iPhone Apps for Thailand (1): A Mixed Bag

By Graham K. Rogers


iTunes apps

At the end of April, in the same week it reported another good financial quarter, Apple hit 1 billion App Store downloads. There are now over 35,000 apps online.

Thai Dict With the advent of the Thai app store and the iPhone's official arrival here, I am looking at some apps aimed at users in (or interested in) Thailand. I have had an iPod touch since January 2008 and it has performed superbly. I also now have a 3G iPhone on extended test, so I can look at some of the apps only for that device.

When the iPhone was released here, True were ready with a number of apps, but I was disappointed to find that many would work only on the generation 2 iPod touch. One that I was able to install was the Thai DiCT app. This was a free download and built on work done on LEXiTRON by NECTEC. This does not need the user to be online.

It starts with a blank screen which has a search window at the top. Tapping within the window brings up a keyboard and a word can be entered. The main panel shows some basic grammar information, one or more Thai words or terms, and some English synonyms. It is a pity that this useful app does not have some phonetic information to help those of us who do not read Thai.

Word Power Lite Word Power Lite is designed for someone trying to learn or improve their Thai skills. A daily word is downloaded automatically. The device displays Thai characters, phonetic characters and a translation. When the Listen button is pressed, a female voice reads out the word (or phrase).

With my iPod touch, I need to listen with headphones. With the iPhone, the speaker will produce the sound. With the iPhone and Generation 2 touch, users can also record and playback their voice to check pronunciation.

Each daily word can be added to a word bank. This also allows use of flash-cards to assist learning. There is an extensive information page that explains the philosophy behind the app and the learning method. The Lite version was $0.99 (34 baht) and users may upgrade to a full version at $9.99 (355 baht). This contains a bank of 2,000 words sorted into categories: enough for a fair level of communication. Word Power is by Innovative Language Learning who have well over 200 apps listed.

When I first wrote about apps (August 2008), I suggested that transport systems in Bangkok would be ideal subjects. While many systems round the world have complex apps, those I found for Bangkok are a little thin and only one is barely interactive.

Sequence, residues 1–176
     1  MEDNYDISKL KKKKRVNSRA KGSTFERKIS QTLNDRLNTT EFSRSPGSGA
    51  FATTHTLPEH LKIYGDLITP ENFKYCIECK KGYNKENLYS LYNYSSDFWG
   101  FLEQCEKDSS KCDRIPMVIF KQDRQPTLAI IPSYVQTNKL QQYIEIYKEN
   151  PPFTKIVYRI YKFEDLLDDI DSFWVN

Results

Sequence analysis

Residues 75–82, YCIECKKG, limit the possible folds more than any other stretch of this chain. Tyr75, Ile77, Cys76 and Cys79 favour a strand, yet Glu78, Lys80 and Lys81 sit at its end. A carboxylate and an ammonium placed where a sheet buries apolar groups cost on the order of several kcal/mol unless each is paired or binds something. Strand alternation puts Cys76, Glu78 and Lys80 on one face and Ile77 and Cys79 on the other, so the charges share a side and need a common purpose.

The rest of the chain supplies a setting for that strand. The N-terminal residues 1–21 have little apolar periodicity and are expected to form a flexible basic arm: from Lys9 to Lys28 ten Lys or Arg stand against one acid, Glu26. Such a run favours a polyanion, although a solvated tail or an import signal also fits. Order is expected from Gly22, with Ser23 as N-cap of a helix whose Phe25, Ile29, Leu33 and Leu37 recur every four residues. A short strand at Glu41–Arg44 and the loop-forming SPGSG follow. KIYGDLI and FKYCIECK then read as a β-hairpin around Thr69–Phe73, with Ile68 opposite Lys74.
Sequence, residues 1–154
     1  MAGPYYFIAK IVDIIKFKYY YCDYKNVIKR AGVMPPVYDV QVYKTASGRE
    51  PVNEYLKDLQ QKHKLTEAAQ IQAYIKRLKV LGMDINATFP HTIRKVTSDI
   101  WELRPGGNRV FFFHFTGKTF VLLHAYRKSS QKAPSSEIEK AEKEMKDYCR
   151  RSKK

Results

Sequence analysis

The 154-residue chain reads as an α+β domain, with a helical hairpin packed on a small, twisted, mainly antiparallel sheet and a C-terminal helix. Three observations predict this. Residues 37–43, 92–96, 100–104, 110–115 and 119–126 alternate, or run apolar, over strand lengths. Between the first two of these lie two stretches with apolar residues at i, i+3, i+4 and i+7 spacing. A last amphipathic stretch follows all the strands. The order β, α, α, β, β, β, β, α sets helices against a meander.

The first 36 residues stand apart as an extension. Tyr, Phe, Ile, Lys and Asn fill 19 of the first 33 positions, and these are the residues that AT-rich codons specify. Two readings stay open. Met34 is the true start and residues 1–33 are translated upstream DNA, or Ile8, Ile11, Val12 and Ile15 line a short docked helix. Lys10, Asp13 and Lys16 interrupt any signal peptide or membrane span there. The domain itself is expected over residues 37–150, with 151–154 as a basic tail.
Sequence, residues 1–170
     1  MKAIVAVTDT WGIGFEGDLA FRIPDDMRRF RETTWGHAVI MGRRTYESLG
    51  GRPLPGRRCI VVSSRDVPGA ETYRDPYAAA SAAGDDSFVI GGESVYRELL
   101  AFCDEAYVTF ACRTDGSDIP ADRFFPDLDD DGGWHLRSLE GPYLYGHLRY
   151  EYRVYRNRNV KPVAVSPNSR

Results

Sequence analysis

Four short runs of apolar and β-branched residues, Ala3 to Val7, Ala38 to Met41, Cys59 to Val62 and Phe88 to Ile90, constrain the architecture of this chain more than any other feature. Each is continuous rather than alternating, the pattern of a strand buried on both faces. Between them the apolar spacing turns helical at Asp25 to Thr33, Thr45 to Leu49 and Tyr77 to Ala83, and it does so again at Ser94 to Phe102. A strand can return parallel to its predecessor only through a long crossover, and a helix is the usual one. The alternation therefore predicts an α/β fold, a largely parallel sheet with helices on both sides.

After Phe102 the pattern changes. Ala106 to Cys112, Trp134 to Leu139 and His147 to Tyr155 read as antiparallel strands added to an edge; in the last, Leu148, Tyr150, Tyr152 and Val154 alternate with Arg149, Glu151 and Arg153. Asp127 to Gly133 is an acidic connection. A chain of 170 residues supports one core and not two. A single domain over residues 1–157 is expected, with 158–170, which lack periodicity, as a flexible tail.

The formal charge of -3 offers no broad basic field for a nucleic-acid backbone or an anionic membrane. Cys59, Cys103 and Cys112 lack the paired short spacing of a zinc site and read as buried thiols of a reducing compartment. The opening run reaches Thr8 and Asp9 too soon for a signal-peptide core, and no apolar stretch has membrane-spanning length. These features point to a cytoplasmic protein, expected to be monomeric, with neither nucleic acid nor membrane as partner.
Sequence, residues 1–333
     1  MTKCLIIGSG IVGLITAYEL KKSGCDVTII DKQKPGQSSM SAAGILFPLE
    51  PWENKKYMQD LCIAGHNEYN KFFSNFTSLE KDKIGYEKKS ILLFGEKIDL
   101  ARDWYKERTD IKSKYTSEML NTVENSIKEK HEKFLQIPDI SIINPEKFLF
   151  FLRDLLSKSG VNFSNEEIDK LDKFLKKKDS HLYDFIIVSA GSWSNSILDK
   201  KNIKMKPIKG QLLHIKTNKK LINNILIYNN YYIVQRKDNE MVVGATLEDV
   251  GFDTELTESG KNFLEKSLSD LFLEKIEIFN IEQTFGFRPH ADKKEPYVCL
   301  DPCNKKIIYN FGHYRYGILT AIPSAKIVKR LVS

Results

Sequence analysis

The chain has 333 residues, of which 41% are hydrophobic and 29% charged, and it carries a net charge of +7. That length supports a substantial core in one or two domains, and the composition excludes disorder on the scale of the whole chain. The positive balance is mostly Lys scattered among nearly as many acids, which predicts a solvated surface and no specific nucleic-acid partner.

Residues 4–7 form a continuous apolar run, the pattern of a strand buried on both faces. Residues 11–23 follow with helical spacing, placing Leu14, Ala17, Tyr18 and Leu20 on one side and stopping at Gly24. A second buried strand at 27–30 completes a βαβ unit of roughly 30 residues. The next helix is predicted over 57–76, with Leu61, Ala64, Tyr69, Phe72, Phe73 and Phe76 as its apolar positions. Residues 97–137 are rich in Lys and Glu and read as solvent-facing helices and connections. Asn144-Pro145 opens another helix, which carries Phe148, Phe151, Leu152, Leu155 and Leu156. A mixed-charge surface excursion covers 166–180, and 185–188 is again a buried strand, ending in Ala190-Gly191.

Bangkok BTS by Michael Paul Young at $0.99 has the bare outline of the MRT and BTS lines, including the yet to be opened extension. There is no other information. The map cannot be view in landscape mode and does not respond to the double tap, so changing size is done with the "pinch". The whole map cannot be viewed. A screen shot from the web would be as good.


A free app, Bangkok Sky Train by Derrick Gooch (he has three others available) is better and on opening we see the whole system, plus river transport, the same as the map shown on the BTS site. Again, this map only works in portrait mode and can only be resized with the pinch. There is a second page that has some information directed at tourists, providing information about what may be found along the BTS lines (not MRT).


I later found a more comprehensive third app, BKK Transit by Edoardo Bacca (EdoWare), that covers BTS, MRT, river transport and a "Bus Tourist Guide" [sic]. This lists landmarks and suggests suitable bus routes. There is also a section marked Time in Bangkok, which displays date and time here.

Information available depends on the respective systems. Both BTS and MRT have system information and prices. In the BTS section, "Nearby and Facilities", has text information on most of the stations, while the MRT section displays useful maps of the areas around stations, plus some basic data on two of the four Metro Malls. Both sections link to a full map of the two systems, and each also displays contact numbers for each of the systems: on the iPhone this enabled a call to be made directly.

The riverboat section provides an excellent diagram of the system and includes details of the four flags of the boats, plus the Ayutthaya line. Like the rail systems, prices are given as well as places of interest.

The Bus section has a lengthy list of places tourists might visit, including malls, parks and police stations, but not hospitals. Don Muang is listed; Suvanabhumi is not. Not all routes serving a destination are shown: for example, the southern bus station has several that pass (and stop for passengers) which are not shown.

See also, More apps.



Made on Mac

For further information, e-mail to

Back to eXtensions

To eXtensions: 2006-07
To eXtensions: 2004-05
To eXtensions: Year Two
To eXtensions: Year One
To eXtensions: Book Reviews
Back to homepage